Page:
Ten students, three of our interns, and a few more animals descended on Worlds End Farm two weeks ago to learn about building large scale arrangements. We started amassing the necessary florals with a trip to River Garden...
We have been ordering flowers at River Garden for years, but have not ever had the opportunity to visit with Bernadette and Walt. Suffice it to say they are a busy couple: they manage 60 acres of flowers. SIX-ZERO. What was supposed to be a quick pick up at the farm ended up being a two-hour-plus, pickup-tuck-surfing cutting session. The celosia fields are especially gorgeous. I would love to do an event with just all different types of celosia....
I'll admit I was envious of the flowers, and of the 4 feet of completely rock free topsoil that they farm on the bank of the catskill creek. To die for! Many thanks to Walt for being so accommodating and talking irrigation with us, Julien for letting us prance around the field pointing at things we wanted him to cut for us (we FORGOT our clippers) and Bernadette for taking the time one night to talk flower farming with us. The place is real deal inspiration.
A lot of people are intimidated by the scale of building large pieces; this class was designed to demystify the process and let students have several hours to practice building.
One of the important things we emphasized in this class is how similar large arrangements are to smaller ones. It's all about scaling up; bigger flowers, bigger pieces of foliage, and more of both.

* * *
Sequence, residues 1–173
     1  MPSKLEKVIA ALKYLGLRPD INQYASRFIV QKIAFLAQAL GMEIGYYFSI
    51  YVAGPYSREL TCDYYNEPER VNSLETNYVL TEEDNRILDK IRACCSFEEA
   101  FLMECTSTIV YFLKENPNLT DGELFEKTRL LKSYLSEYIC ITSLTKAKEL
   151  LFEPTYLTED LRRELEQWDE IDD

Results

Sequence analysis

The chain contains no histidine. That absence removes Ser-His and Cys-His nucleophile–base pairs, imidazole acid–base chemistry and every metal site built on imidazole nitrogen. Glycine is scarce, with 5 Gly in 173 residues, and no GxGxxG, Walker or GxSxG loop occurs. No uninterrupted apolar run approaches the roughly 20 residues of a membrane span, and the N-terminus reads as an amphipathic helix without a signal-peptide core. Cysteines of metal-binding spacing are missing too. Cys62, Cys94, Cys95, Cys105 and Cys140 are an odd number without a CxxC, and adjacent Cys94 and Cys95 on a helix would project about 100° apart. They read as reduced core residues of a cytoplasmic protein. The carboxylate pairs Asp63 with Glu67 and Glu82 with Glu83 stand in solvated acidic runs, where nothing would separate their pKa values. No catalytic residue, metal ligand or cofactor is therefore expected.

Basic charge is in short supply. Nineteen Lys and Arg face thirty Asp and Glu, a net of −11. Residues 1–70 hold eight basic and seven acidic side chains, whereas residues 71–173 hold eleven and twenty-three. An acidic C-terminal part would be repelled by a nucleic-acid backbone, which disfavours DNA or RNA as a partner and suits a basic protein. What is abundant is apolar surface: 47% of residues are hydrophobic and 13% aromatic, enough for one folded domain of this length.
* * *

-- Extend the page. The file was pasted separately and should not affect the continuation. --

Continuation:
Just as if you were makeing a smaller compote sized arrangement, you want to start a giant urn off with your larger, more structural materials. We were cutting apple branches, wild dogwood, viburnum, oak and wild grapevine. These large pieces formed the foundation in the urns, or the first rough outline of a shape.
When you build the foundation of the arrangement, it's smart to leave some holes, or some empty pockets: room for some of your face flowers. It's also a good idea to leave some negative space in the top so that you don't end up with a big symmetrical dome of flowers.
Once you've placed your face flowers - or your focal points - you can add the final 'seasoning' -- the accents or wispy gestures. Just remember the scale. A small flower like a chocolate cosmo or a stem of Ixia is not going to have much effect in a 5 foot arrangement...they will get lost. Often the accent flowers for a big urn arrangement are the same flowers that would be the big focal moments in a smaller arrangement. Perhaps a garden rose, a dahlia, a smattering of zinnias...
If for some reason you don't have big sized flowers to use in a big sized arrangement, you can always group lots of smaller ones together to create the big focal points you'll need. Great flower ideas for big arrangements are: delphinium, hydrangea, lilies, fatty roses like 'Secret Garden,' size A or AA Dahlias (sometimes referred to as 'Dinnerplate Dahlias) and hippeastrum.
One last thing to note: You don't need flower foam to construct these big urns! We use chicken wire. Ball it up, jam it in your urn and then be sure to use some strong waterproof tape to secure it - tape right over the urn in a big X. That way the chicken wire cage won't tip out as you're working on the composition.
Last tip; if you have a short stem you want to place high in the arrangement where it won't touch water, you can tube it (put it in one of those urine-sample-looking tubes that come on the ends of cut orchids, or are available at florist supply stores) and then finagle in to sit in the branches. You can also tape the end of the tube to a strong stem - just make sure to cover your tracks so you don't see the tube.
Here's pictures of the masterpieces:
So many thank you's to our incredible intern helpers Mikey (who took a lot of these gorgeous photos), Evelyn, and Reuben. And thanks to Susan, my mother who is our exclusive caterer here at the farm. Such a good weekend.